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One of the critical factors in working for social change is developing the ability to embody the change we would like to see in the outer world. This has been clearly recognized and articulated by many spiritual teachers and social activists such as the Buddha, Jesus, Gandhi, Thoreau, M.L. King, and A.J. Muste, whose famous dictum, “There is no way to peace; peace is the way” points directly to the heart of this teaching.
It is becoming increasingly well understood, fortunately, that our culture’s routine and relentless violence toward animals for food, products, and other uses requires us as consumers to be disconnected from our inherent wisdom and compassion, and from our natural intelligence, which is the ability to make meaningful connections and respond appropriately to feedback. As I discuss in The World Peace Diet, the food rituals in any culture are enormously powerful indoctrination forces, and through them, our culture injects a toxic mentality of elitism, reductionism, disconnectedness, might-makes-right, and suppression of the feminine into all of us.
One of the primary unrecognized effects of this cultural programming is the lowering of our natural self-esteem, and the repression of the inherent sense that we’re part of a benevolent and celebratory universe. Through being forced as children not just to witness adults around us eating the flesh and secretions of imprisoned, terrified animals, but also being forced routinely to eat these substances ourselves, our spiritual connection with joy, freedom, creativity, beauty, and compassion has been unconsciously repressed. Due to our resulting insecurity and fear, we become easily manipulated and exploited as consumers and workers in a system that maximizes wealth and privilege for a tiny elite, and devastates not just the outer ecological and cultural landscape of our Earth, but the inner landscape of our emotional and spiritual lives. We become merely ironic in our quests, and trade the joy and freedom of authentic inner peace for the dull numbness of comfort and security.
The key to transforming our lives and our culture is our moods. How do we feel? Really? What is our general mood or feeling-tone throughout the day? How does it change? What triggers it to change? I have found it to be helpful to be mindful of my moods, and their subtle transformations throughout the day. I’ve also found that mood is remarkably responsive to thoughts and conscious intent. For this reason, many wise spiritual teachers have emphasized the importance of cultivating mental awareness, and engendering inner states of lovingkindness, compassion, joy, gratitude, and equanimity that are independent of whatever outer situations we may be dealing with. With practice and increased skill and understanding, we can learn to be less at the effect of outer stimulation, and abide more in our heart in peace and with a sense of lovingkindness for others, no matter what may be happening. Needless to say, there are abundant opportunities to practice.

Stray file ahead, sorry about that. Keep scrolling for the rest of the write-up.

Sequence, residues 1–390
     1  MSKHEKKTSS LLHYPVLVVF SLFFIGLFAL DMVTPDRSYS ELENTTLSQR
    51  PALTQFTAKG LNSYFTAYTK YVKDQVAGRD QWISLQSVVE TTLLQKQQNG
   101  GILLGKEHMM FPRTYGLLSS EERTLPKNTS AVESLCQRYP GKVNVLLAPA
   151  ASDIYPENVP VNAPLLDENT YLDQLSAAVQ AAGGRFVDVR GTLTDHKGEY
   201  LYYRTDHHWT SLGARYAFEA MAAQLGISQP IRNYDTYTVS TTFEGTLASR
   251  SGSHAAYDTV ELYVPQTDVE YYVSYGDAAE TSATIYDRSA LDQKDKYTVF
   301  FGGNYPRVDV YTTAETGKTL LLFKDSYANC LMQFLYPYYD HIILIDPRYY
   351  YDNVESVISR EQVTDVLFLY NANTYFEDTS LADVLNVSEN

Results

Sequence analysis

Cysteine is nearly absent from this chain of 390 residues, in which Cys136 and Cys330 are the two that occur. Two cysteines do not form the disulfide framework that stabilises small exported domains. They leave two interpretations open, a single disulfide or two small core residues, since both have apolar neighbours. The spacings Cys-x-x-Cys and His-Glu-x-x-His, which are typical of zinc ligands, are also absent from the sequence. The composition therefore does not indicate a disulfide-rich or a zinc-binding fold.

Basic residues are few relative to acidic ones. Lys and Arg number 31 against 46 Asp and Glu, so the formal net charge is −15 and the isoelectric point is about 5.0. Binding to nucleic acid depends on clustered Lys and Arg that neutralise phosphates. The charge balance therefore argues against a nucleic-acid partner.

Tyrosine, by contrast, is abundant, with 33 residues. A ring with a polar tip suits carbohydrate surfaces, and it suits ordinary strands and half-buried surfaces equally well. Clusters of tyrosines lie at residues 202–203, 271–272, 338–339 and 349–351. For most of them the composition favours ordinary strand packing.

The basic situation is that we have all been born into a culture that suppresses our natural joy, creativity, and compassion, and that in many ways brings out the worst in us, primarily through forcing us to eat animal-sourced foods, and secondarily through the cultural institutions that this violent and numbing eating behavior necessitates and evolves. Some examples of these secondary institutions are the reductionist and authoritarian educational, religious, economic, and medical-pharmaceutical institutions that are virtually inescapable. As newborn babies, we are violently separated from our mothers and assaulted with toxic vaccinations and chemical-laden environments, and as we grow older, we’re subjected to violent foods and TV programming, and an educational system that strips away our natural curiosity and replaces it with fear of making mistakes. This pattern is repeated in religious and corporate environments, and all the while, we are assaulted with media images of crime, disease, and war that are disempowering and negative in the extreme, with the unfortunate result that sales of “mood-enhancing” drugs are enriching pharmaceutical corporations who employ armies of personnel to control both the political institutions and the media images we receive. So we internalize this negativity in many ways, and when our minds are frustrated or depressed, and our energy depleted, we become the pliable and gullible consumers who reliably buy the products and the official stories supplied by the corporate system.